I have recently published a partial translation of a Firefox international market share study. While the numbers are very impressive, one could wonder why they are so different from one country to the other. Many people in the Mozilla project contacted me to discuss this topic. And frankly, I don't know the reason why the numbers are so different around the world, but I have a few ideas that I'd like to share with my readers.

It's about the adoption level

Some countries are more advanced on the technology front than others. For example, European Nordic countries are usually more advanced than Mediterranean countries (but let's not do too much of generalization). And it looks like there is some level of correlation, where more technologically-advanced countries have a better Firefox adoption. But this this not the only explanation.

It's about the language barriers

It's true that since technology (and particularly software) is often available in English first, and then in native language, countries where English understanding is widespread are likely to adopt new products like Firefox faster than countries which are not particularly keen on English, such as Spain or Portugal.

It's about Microsoft

Microsoft has more success in some countries than others. There are regions where Microsoft has virtually eliminated all competition on the local market. For example, I am told that Apple is not doing very well in Spain, for example. In such countries, the market is used to deal with a monopoly (including paying a higher price because of the lack of choice) and the very notion of choice is not on people's mind. Some other countries, such as Germany, have historically loyal to Netscape for some reason, and even in 2001, Netscape 4 still had 15% market share on this market (YMMV), while in most other countries Netscape only had around 5%. In such countries, innovative, non-Microsoft products have higher chances to succeed.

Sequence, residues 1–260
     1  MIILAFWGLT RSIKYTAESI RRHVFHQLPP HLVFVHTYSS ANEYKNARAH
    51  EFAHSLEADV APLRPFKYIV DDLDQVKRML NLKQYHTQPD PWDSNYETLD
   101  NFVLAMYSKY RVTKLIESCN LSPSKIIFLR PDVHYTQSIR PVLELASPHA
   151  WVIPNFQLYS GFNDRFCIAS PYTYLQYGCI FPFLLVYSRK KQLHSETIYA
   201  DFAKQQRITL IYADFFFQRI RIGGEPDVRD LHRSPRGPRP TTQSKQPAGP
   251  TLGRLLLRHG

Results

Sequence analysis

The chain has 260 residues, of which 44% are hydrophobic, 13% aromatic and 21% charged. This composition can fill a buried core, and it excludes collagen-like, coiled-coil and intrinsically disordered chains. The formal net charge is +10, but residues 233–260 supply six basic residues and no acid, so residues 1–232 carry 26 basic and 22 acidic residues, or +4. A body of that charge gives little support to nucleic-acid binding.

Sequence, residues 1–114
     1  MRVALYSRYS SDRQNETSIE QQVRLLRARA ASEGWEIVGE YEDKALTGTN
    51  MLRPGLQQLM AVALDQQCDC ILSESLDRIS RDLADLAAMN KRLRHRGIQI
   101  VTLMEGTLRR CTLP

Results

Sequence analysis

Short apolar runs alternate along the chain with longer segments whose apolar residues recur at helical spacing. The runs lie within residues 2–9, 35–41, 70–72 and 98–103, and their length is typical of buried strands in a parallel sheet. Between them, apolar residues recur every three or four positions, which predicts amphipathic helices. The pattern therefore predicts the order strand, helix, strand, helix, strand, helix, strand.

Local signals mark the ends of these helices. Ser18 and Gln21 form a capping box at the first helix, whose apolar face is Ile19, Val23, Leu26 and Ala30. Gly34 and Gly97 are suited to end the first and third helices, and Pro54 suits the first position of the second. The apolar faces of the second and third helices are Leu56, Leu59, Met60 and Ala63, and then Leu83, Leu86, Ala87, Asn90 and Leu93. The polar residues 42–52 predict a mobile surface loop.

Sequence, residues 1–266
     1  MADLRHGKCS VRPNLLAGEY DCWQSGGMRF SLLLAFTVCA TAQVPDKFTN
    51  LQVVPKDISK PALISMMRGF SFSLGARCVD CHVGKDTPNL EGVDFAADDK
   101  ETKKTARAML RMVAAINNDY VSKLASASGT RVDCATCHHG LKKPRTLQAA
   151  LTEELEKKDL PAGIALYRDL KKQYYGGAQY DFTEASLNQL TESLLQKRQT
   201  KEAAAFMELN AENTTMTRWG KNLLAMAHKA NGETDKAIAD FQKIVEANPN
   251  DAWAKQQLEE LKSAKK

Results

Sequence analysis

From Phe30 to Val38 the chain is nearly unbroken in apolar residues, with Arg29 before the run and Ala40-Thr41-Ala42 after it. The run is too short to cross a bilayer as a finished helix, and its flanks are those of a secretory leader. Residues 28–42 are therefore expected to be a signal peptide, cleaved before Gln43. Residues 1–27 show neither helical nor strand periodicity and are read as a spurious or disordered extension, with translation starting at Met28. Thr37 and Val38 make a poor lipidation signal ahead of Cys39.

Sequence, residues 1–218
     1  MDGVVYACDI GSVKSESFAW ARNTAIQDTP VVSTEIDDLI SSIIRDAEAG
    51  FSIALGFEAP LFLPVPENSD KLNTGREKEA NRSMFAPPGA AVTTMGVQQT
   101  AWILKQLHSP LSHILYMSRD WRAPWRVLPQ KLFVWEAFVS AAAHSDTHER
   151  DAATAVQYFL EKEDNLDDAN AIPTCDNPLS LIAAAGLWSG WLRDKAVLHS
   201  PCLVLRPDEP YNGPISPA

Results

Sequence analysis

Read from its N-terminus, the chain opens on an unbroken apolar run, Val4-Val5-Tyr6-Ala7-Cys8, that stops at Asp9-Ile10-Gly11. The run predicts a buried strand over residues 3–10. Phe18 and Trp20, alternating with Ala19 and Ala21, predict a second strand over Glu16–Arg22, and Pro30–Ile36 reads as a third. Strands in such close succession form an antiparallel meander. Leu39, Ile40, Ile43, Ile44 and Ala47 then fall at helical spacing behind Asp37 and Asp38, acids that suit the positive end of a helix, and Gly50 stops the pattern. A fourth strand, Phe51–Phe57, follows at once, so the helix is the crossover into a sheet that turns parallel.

It's about Open-source philosophy

Some countries are more willing to adopt Open-Source solutions than others. In some cases politicians want to adopt them and in other cases are leaning more to a proprietary approach. Ingrid Marson, of ZDNet UK, has recently published an interesting set of articles on this very topic: Europe and the US philosophically divided on open source?. Ingrid goes into details about Germany, Poland and Eastern Europe, Spain, Norway, UK, US, and France.

It's about local communities

In some countries, local communities are more vibrant than in others. I won't give any examples, because I know they all do their best, but it's a fact that having a local energetic leader, along with numerous volunteers, is a huge asset to promote Firefox in a more efficient way.


All in all, it's for sure a mix of all the reasons that I mentioned, plus several other factors that I don't know of (or which I forgot to mention here). I wish I had a definitive answer or even the ultimate recipe for Firefox success in every country, but I just don't :-)

So we, at Mozilla Europe, do the best we can to have products in all local languages, along with an official, well-maintained Web site (now in 20 languages!), and vibrant communities (developers, localizers and enthusiasts).